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Bronchitis: Pediatric Bronchitis: Parents' Guide to Dealing

Bronchitis: Pediatric Bronchitis: Parents' Guide to Dealing
by Donald1 » Sat Sep 24, 2016 10:59 am

Bronchitis - Pediatric Bronchitis - Parents' Guide to Dealing With It

Bronchitis is a respiratory problem which can be found in the lower tract. It occurs when there is an inflammation of the airway tubes that include the trachea and larger air tubes that carry oxygen to the lungs. :)

Both types of infections have similar symptoms: * Tires easily * Wheezing * Difficulty breathing worsened by physical exertion * Mucus filled cough (if there is any blood in the mucus, then consult in the child's physician.

When parents smoke around their children, the kids are likely to get sick with bronchitis much easier than those not around smoke. Children who have a pre-existing condition or heart disease are also at risk. Opportunity knocks once. So when we got the opportunity to write on Types Bronchitis, we did not let the opportunity slip from our hands, and got down to writing on Types Bronchitis.


The main culprit for kids is the constant, long-term exposure of smoking. Sometimes allergies and environmental irritants can be troublesome for them too. Coordinating matter regarding to Bronchitis Infections took a lot of time. However, with the progress of time, we not only gathered more matter, we also learnt more about Bronchitis Infections.

What are the Symptoms?

For children, preventive measures need to be taught earlier. Kids need to know to cover their mouths when they sneeze or cough. They also need to continuously wash their hands. Kids also need a flu vaccine to help them fight any type of breathing problems. If the parents or grandparents can stop smoking, this would be beneficial for the children too. :oops:


When it seems there is no infections, doctors will treat the child for a common cold. This means staying in bed, drink lots of fluid. Using a humidifier can help the child get over the cold much quicker. If the child experiences dry cough, it would be necessary to use a cough suppressant for their own comfort. Aspirin is a no-no for children because of the danger of Reye's syndrome. Tylenol or Motrin should be the only two medicines parents should use. :idea:


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Acute Bronchitis can Last about Three Weeks With Coughing as the Main




It's left untreated, the infection can develop into more serious respiratory infections that include pneumonia, pulmonary hypertension, heart failure on the right side as well as emphysema.

COPD (Chronic obstructive pulmonary disease) is a respiratory problem that can cause long time issues for the patient in doing physical activity and normal breathing. We had at first written a rough assignment on Bronchitis. Then after a few improvisions and enhancements here and there, we have ended up with this end product.

Rales (these are abnormal sounds that are found in the lungs by the doctor.) There are several tests that can be used to diagnose children's respiratory problems. They include: x-rays, pulse oxymetry, pulmonary lung functions, arterial blood gas and sputum.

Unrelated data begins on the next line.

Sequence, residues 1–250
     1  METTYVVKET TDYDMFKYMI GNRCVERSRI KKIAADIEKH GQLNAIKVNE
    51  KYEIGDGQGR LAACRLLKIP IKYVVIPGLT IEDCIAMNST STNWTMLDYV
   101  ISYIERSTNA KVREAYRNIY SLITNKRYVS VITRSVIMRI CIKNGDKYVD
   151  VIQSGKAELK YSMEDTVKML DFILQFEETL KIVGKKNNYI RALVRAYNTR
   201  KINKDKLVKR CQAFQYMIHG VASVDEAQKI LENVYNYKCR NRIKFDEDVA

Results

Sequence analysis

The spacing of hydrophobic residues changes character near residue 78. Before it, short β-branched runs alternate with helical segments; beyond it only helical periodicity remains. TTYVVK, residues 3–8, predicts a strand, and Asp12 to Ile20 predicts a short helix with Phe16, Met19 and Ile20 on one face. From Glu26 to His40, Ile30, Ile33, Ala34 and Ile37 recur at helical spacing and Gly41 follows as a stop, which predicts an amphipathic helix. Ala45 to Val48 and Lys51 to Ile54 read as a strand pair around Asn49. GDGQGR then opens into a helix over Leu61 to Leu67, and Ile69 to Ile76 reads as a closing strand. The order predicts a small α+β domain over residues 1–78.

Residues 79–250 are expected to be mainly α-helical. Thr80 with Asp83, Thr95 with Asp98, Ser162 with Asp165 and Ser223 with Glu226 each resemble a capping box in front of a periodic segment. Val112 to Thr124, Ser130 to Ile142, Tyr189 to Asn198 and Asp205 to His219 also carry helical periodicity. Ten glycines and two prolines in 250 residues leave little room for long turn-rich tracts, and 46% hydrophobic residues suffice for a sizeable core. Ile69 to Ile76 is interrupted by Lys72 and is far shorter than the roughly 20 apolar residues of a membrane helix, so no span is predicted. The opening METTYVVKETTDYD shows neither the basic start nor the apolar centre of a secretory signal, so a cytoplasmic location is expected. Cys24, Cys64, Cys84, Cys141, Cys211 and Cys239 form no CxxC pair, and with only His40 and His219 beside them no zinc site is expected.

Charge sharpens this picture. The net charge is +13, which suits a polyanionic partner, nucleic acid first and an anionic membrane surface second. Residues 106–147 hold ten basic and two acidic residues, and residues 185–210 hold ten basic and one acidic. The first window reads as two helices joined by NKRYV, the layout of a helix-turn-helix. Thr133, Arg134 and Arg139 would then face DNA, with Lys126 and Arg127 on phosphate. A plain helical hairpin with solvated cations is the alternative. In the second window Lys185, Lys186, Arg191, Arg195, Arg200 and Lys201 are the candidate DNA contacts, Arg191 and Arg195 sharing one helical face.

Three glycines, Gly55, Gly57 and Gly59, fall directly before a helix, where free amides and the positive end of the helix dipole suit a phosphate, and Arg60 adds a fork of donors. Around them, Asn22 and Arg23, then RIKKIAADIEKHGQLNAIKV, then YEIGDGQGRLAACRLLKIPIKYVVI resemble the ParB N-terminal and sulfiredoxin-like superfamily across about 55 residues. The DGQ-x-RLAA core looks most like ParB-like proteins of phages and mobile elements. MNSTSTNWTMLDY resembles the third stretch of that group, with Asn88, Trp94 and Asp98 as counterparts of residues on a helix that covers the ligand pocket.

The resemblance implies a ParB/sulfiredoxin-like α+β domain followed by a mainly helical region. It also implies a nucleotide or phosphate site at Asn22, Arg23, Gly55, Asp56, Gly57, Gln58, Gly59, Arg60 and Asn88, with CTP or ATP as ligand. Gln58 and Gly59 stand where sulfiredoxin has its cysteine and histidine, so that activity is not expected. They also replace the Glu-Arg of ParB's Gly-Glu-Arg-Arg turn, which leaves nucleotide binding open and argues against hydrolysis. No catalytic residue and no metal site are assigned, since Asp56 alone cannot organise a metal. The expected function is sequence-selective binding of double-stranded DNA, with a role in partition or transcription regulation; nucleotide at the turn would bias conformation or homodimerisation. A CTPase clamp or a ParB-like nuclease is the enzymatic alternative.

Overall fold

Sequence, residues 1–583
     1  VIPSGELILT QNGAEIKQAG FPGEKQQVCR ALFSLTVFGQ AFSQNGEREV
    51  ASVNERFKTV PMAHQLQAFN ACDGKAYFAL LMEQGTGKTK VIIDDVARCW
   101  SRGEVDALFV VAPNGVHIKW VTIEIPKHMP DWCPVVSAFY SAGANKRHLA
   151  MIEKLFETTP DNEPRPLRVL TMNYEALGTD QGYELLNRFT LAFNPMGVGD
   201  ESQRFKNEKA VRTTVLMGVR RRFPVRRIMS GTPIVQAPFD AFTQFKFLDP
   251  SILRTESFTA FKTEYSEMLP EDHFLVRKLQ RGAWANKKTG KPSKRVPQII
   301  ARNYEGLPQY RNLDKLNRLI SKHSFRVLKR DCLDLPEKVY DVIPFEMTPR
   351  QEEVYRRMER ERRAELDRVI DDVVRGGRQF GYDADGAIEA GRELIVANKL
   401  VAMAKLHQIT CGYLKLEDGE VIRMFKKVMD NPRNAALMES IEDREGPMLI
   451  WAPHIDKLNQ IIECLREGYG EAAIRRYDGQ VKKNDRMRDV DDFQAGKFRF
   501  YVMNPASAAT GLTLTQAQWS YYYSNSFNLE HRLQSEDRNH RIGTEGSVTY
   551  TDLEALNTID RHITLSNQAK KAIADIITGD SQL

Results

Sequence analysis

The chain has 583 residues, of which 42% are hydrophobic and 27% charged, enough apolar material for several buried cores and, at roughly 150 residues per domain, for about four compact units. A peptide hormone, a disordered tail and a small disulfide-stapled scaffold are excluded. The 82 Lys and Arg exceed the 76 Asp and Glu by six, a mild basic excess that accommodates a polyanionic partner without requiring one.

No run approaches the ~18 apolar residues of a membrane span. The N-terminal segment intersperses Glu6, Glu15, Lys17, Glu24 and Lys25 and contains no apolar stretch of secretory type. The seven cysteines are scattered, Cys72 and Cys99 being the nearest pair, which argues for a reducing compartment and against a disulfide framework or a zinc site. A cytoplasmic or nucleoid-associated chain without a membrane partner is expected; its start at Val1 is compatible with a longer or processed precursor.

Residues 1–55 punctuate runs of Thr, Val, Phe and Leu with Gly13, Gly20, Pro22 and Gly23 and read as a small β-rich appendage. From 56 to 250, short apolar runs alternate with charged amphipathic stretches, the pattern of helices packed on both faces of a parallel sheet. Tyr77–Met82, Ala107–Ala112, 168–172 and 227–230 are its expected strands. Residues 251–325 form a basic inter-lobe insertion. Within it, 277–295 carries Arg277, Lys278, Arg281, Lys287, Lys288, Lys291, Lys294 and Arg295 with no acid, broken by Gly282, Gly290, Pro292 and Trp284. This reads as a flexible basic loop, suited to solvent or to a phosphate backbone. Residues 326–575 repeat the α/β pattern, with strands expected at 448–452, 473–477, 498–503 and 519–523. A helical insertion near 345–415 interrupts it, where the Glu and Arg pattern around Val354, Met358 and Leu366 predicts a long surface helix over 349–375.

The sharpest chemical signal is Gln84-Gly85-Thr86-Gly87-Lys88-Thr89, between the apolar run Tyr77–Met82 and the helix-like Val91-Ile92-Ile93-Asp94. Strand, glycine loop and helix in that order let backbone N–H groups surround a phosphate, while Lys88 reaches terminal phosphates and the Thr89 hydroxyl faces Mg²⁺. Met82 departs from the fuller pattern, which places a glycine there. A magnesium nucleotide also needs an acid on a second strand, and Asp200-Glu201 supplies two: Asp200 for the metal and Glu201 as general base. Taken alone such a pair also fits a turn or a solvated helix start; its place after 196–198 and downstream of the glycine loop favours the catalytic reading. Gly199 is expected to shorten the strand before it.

Is quite common for cats to present to veterinary clinics with a chronic cough or wheeze. The problem may be constant or just recur from time to time, and can range from mild to severe. Clinically the disease may resemble human asthma, but the term feline asthma can be misleading as there are a number of different possible causes. Here we look at what those underlying causes can be, and the different forms of treatment available to affected cats.

Treatment Lifelong?

Generally yes. Doses can often be reduced gradually once clinical remission has been achieved. As with many chronic conditions, complete control might not always be possible and an acceptable quality of life is the main aim of the treatment.

Aerosol therapy has the advantage that the maximum concentration of drug is delivered to the target site. This means that lower overall doses can be used, and the cat is less likely to suffer the negative side effects of steroids. Various inhalers can be used in both cats and dogs, but they tend to be designed for humans. As a result, higher doses are given compared with human medicine, as humans can be instructed to breathe deeply whereas cats will breathe normally at best.

Bronchoalveolar Lavage

This is similar to the technique described above, but the catheter is inserted all the way into a lower airway before the saline is injected and withdrawn. This is therefore a good test for lower airway disease.

Bronchodilator drugs used in inhalers include Salbutamol and Salmeterol. Salbutamol is very fast acting and therefore useful in a crisis caused by spasm of the bronchi. However, it only lasts for about 30 minutes and is therefore unsuitable for chronic therapy as frequent dosing is required. Salmeterol on the other hand is longer acting, and lasts for about 12 hours so twice daily dosing is possible. Salmeterol is better for long term control of mild to moderate asthma while Salbutamol is better for relief of acute bronchospasm.

Treatment The aims of treatment are as follows. 1. Eliminate any suspected infectious agents. This may be a sufficiently long course of antibiotics if bacterial infection is suspected, or a wormer such as fenbendazole if lungworm is suspected. The first impression is the best impression. We have written this article on Chronic Bronchitis in such a way that the first impression you get will definitely make you want to read more about it!

Spacer Devices